Here’s what’s open on Cape Cod over Fourth of July weekend

Beaches, lodging, restaurants, and many other businesses are open over the holiday stretch.

The CapeFLYER train crosses over the Cape Cod Canal Railroad Bridge in Bourne on its way to Hyannis.
The CapeFlyer train crosses over the Cape Cod Canal Railroad Bridge in Bourne on its way to Hyannis. –The Boston Globe

As Cape Cod readies for Fourth of July weekend, travelers want to know what’s open, according to Wendy Northcross, CEO of the Cape Cod Chamber of Commerce.

“People still want to be clear on what there is to do, what things are actually open and available,” Northcross said during a press conference Thursday.

In response, the chamber posted information detailing what activities are currently available for Cape visitors, Northcross said. The information encompasses beaches, hiking and biking trails, drive-in movie theaters, golfing, fishing, lighthouses, and more. Visitors can also find out about cultural excursions such as the Cape & Islands Bookstore Trail and the Yarmouth Sand Sculpture Trail.

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While lodging, restaurants, and personal services such as spas are open, visitors will have to wait for Phase 3 of the state’s four-phase reopening plan to experience museums, whale watches, and indoor historic spaces. Gov. Charlie Baker announced on Thursday that Phase 3 will begin Monday.

On Tuesday, Baker updated the state’s 14 day self-quarantine advisory to say travelers from Rhode Island, Connecticut, Vermont, New Hampshire, Maine, New York, and New Jersey who enter Massachusetts are exempt from the rule due to declines in cases and new hospitalizations in those states.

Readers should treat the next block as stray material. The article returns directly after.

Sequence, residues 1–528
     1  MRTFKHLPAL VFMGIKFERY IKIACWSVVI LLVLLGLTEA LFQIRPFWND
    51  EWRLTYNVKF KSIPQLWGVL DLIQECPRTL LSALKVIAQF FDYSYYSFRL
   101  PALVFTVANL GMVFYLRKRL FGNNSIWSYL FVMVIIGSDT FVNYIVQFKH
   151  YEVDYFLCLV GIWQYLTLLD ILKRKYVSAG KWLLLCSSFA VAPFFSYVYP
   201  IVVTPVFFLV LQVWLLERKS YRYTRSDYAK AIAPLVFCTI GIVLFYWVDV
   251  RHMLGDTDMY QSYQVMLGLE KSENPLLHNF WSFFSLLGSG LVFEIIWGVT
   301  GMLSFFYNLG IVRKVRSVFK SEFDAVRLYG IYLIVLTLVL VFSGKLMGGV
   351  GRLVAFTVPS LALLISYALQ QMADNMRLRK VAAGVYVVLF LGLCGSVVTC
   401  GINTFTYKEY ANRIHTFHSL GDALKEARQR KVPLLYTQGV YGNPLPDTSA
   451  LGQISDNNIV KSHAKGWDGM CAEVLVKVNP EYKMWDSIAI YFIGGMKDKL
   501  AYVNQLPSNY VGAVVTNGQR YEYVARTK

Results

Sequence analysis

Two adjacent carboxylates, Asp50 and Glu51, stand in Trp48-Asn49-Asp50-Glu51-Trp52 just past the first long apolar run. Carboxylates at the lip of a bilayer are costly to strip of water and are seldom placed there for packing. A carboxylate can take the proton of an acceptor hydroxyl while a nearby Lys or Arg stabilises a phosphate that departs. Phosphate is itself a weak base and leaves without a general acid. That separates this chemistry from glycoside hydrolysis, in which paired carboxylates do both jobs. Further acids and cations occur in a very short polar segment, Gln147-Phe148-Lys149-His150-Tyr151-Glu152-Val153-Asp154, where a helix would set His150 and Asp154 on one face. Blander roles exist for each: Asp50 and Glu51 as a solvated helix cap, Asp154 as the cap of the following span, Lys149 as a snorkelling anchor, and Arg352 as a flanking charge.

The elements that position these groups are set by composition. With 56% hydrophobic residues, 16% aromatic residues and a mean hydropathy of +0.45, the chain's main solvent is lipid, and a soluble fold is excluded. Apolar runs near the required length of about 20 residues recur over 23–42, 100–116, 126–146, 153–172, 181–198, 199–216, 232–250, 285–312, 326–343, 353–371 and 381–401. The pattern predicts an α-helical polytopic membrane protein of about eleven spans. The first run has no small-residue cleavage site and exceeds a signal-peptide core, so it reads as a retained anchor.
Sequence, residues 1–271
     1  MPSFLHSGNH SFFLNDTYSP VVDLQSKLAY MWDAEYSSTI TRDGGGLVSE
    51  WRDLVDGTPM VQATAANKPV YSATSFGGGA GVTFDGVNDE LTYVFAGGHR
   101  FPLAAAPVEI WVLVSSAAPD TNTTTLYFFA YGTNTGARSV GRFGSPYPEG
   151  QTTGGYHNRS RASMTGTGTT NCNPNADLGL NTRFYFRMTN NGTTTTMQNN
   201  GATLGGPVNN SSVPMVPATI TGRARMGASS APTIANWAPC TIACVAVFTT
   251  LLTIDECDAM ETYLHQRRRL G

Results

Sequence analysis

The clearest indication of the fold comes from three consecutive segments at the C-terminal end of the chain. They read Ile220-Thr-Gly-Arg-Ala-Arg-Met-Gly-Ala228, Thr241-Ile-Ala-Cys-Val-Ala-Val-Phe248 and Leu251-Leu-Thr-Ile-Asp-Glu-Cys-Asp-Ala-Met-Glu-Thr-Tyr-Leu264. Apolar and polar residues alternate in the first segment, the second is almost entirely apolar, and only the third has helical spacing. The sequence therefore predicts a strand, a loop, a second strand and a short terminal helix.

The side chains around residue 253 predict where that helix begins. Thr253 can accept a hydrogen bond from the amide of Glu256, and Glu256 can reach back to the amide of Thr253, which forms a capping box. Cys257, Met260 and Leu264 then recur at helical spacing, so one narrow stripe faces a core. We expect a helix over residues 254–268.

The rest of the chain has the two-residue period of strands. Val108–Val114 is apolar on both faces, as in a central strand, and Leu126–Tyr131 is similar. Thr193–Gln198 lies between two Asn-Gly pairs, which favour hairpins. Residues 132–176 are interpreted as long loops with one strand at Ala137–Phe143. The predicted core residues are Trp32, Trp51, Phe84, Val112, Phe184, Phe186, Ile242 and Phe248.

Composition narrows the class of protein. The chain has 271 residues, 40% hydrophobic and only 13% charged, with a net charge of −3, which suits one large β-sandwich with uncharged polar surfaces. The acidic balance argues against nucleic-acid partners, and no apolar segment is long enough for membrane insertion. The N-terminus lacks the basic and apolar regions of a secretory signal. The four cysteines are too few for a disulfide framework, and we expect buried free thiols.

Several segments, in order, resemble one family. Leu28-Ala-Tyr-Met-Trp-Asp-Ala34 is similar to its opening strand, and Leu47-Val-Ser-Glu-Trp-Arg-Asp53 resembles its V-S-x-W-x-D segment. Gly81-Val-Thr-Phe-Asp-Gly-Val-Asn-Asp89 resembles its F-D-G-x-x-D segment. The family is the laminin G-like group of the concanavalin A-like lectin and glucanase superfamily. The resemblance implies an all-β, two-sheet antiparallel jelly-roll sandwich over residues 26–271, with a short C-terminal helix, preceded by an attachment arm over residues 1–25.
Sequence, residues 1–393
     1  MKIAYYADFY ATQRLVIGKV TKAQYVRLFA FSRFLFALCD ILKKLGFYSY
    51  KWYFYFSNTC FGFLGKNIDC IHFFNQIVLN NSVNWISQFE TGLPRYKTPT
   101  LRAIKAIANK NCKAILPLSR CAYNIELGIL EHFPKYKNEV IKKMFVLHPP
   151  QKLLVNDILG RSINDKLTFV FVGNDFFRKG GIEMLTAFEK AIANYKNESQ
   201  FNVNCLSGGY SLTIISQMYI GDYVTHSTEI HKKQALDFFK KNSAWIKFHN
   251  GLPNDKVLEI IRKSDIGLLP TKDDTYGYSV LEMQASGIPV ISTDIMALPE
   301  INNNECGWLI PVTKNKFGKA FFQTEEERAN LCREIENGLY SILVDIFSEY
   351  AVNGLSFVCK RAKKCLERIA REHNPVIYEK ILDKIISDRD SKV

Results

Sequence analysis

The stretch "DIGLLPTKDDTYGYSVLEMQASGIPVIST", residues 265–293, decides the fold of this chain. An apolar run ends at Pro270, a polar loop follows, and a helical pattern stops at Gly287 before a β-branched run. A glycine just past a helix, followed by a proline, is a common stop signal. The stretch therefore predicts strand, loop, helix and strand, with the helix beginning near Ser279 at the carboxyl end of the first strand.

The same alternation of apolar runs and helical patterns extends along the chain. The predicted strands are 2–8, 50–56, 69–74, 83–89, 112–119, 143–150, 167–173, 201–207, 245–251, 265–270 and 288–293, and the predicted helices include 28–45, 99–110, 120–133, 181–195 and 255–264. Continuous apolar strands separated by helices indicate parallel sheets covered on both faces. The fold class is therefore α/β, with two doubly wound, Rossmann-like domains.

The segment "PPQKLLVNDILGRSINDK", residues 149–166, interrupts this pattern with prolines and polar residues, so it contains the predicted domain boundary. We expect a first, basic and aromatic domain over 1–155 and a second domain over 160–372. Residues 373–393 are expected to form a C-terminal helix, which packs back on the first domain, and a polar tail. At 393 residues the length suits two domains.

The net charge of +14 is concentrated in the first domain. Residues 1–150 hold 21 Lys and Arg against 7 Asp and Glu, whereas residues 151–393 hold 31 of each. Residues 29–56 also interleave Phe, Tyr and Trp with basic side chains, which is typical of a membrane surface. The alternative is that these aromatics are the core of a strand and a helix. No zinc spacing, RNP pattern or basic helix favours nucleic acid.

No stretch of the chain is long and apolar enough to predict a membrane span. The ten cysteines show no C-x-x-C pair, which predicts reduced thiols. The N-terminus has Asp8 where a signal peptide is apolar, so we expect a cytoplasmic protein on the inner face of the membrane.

“Incidentally, the states that are exempt from the travel advisory broadly constitute where most of our out-of-state visitors to the region come from,” said state Sen. Julian Cyr, who represents Cape Cod, Martha’s Vineyard, and Nantucket.

In 2018, the most recent year for which visitor data is available, 92 percent of the visitors to Massachusetts, including the Cape, were domestic, said Cyr, and of those visitors, 59 percent were from other New England states. In the same year, travelers from mid-Atlantic states like New York and New Jersey made up 21 percent of visitors, and travelers from Florida and California made up 2.9 percent of visitors, he said.

Cyr reminded visitors of their personal responsibility while visiting the Cape, which includes limiting gatherings, washing their hands, social distancing, and wearing face coverings.

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“Going into this long holiday weekend, which is traditionally the busiest we have, [we are] reminding the public that they need to take personal responsibility, that the public and our visitors have an obligation and a responsibility to protect themselves and protect others,” Cyr said.

Cyr called those who don’t follow the rules “profoundly disrespectful” to the hard-working people of Cape Cod, he said, because it puts them — as well as their own group — at risk.

“Businesses are able to refuse service,” Northcross said. “If they ask you to wear a mask and you do not, they have the right to refuse that service.”

Last month, the Cape Cod National Seashore announced that beach services would be limited this summer ahead of its official opening date on July 2.

“We’re asking that people take personal responsibility, that they have a little patience, because things are a little different,” Cyr said. “But we’re optimistic that the public will be able to enjoy a safe weekend if they’re taking personal responsibility, if they’re following the precautions.”

For more information about the Cape this season, visitors can go to ReopeningCapeCod.org, a resource created by the Cape Cod Reopening Task Force for both residents and visitors.


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